Feb 19  New Year - Lunar -Tet - the Lunar New Year - 2015 is the year of the goat or sheep (green sheep or green wood sheep year)



Mar 7  Magha Puja Day (1250 enlightened sages came to Buddha on their own to pay him their tribute)



April 1 - May 31 Thich Vinh Minh in residence

April 4  New Year - Therevada

April 11  Buddha's Birthday (Thien/ Chan)
April 22  Earthday - Celebration to promote ecology and respect for life on the planet as well as to encourage awareness of the growing problems of air, water and soil pollution.



May 1-3  Spring Retreat
May 9  Wesak or Buddha day The most important of the Buddhist festivals. It celebrates the Buddha's birthday, and, for some Buddhists, also marks his enlightenment and death.



June 13  Amitabha Buddha Day


Jul 11   Asala - Dharma Day
- The anniversary of the start of Buddha's teaching his first sermon ,"The Wheel of Truth", after his enlightenment.
July 25Ullambana or "MuaVu Lan" (Obon) mother's day and ghost days celebrated or Aug 28 Ancestors' Day



Aug 1  Avalokiteshvara Day  (Quan Te Am/ Kannon)
Aug 22  Ksitigarbha Day


Oct 5  BodhiDharma Day
Oct  23-25  Fall Retreat



Dec 8  Bodhi Day
- some Buddhists celebrate Gautama's attainment of enlightenment under the Bodhi tree at Bodhgaya, India. (meditation 12/7 - 12/8 11:30pm - 12:30 am)

This is our first draft of the 2015 schedule.  We are waiting for 2 other monks to give feedback.  The official schedule will be published in February.

Is your group part of the Northwest Dharma Association?
If not, it is time to join!  If you are a solitary practitioner or without a sangha you can still offer dana (financial support).  They are a clearing house for Buddhist activity in the Northwest and need our support. Read more about the NWDA at

PO Box 487, Trout Lake WA 98650     www.MtAdamsZen.org

509.395.2030  (e-mail -put in the @ sign) kozen1 at embarqmail.com
 Plum Mountain
January 2015 Newsletter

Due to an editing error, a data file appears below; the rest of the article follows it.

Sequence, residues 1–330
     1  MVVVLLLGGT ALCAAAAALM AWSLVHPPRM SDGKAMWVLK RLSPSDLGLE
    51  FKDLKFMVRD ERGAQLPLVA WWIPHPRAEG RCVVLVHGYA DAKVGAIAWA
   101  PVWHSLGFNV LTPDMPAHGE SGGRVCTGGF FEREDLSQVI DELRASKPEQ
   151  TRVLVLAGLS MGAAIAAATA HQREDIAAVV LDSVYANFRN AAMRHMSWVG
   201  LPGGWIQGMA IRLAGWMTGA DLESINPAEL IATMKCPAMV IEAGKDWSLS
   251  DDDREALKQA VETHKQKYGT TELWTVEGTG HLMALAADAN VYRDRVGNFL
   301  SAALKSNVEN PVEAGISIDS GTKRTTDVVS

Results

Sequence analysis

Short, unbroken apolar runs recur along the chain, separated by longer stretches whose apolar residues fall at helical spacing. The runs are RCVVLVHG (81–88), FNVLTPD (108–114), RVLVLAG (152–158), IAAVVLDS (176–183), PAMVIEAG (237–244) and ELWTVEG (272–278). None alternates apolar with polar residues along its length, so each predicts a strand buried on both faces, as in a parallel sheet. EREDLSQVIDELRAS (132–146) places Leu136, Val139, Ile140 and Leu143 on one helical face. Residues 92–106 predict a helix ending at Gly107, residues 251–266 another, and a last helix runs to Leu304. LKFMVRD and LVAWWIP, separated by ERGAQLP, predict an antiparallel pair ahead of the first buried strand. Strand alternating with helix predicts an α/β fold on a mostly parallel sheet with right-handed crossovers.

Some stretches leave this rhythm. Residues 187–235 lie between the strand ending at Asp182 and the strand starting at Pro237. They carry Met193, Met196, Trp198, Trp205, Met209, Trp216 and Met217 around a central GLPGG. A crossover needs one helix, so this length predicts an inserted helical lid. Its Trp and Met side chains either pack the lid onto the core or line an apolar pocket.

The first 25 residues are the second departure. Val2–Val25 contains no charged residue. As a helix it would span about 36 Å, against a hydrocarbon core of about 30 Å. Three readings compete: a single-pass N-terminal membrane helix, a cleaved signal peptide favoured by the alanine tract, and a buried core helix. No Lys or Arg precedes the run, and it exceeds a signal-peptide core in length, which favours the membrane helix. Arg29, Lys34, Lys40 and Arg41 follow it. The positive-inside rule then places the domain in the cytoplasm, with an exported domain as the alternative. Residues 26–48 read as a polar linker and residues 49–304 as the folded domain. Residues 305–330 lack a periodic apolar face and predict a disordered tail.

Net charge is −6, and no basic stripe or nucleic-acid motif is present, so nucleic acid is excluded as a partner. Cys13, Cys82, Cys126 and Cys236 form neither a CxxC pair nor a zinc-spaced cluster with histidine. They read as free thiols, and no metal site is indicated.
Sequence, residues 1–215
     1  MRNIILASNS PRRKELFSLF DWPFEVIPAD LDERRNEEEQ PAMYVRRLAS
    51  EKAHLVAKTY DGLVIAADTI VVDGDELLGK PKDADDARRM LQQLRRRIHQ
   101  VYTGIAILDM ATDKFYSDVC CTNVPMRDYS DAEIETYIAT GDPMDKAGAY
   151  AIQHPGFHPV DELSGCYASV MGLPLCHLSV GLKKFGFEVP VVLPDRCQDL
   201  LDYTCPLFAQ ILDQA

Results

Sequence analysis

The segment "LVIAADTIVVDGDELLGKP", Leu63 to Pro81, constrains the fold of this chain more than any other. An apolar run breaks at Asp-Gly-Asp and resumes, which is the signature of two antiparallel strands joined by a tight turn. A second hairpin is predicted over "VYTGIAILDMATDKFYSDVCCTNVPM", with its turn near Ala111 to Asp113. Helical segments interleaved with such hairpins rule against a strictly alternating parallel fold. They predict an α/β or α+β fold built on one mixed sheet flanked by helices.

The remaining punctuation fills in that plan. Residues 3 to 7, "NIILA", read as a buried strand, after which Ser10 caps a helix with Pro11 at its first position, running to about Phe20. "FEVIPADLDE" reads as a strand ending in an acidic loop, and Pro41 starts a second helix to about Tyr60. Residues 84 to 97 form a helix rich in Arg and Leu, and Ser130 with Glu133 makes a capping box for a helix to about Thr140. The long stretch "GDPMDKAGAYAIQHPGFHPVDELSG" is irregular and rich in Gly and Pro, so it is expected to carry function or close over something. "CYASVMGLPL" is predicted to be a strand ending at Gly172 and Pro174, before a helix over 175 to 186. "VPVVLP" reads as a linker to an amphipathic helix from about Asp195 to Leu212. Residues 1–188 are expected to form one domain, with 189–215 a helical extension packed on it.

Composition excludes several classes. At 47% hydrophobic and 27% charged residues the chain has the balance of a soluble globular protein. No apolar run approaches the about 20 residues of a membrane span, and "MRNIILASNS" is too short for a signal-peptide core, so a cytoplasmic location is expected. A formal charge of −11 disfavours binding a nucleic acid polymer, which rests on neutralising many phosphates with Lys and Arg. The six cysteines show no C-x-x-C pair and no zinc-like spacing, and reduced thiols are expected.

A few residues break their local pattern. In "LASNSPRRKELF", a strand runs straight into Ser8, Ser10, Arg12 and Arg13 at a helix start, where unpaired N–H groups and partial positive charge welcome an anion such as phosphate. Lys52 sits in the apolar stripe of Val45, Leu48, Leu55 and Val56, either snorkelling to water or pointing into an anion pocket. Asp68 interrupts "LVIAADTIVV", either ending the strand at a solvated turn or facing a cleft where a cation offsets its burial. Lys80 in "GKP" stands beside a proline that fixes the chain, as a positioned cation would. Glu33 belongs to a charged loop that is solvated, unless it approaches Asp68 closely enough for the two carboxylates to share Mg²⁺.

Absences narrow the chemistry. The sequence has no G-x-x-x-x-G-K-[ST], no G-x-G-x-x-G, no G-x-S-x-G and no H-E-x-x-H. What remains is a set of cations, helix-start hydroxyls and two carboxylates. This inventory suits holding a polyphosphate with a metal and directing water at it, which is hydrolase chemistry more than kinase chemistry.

Weekly Schedule: Daily 6:30 a.m. and 6:30 p.m. Service with short recitation and half hour seated meditation, at 516 W. Cushing in Aberdeen. This is except for Fridays and when Thay Kobai is away from the Harbor. Our regular community (sangha) gathering is Tuesday evenings at Cushing St. 6:30 to 8 p.m. We do some movement and sitting meditation, with plenty of guidance for newcomers.  Thay Kobai or a senior student gives a short talk on Buddhist principles followed by Q&A and discussion.

Events in January

3 January, Saturday: Celebrate Transit! All who wish may join Thay Kobai in a fare-free bus ride to celebrate the restoration of Saturday bus service. We'll board the #10-B at Thay's place, 516 W. Cushing St., at 9:40 a.m., then transfer to the #20 at Aberdeen Station at 10:00 a.m. We'll ride to Hoquiam, get off and then lounge at Tully's before deciding where else to go. Quinalt? Ocean Shores? Elma? Or just a pleasant day in Hoquiam.

6 January Tuesday: Community Meditation, 6:30 to 8:00 p.m. We do some simple movement and seated meditation, followed by a short talk by Thay Kobai on "Meditation, the Eighth Element of the Eight-Part Map of the Path" and a Q&A. See details above.

4 January, Sunday:  Full Moon Ο
8 January, Thursday: Kobai on Coffee Talk,  9:10 a.m., 1450 AM, 100.5 FM and streaming.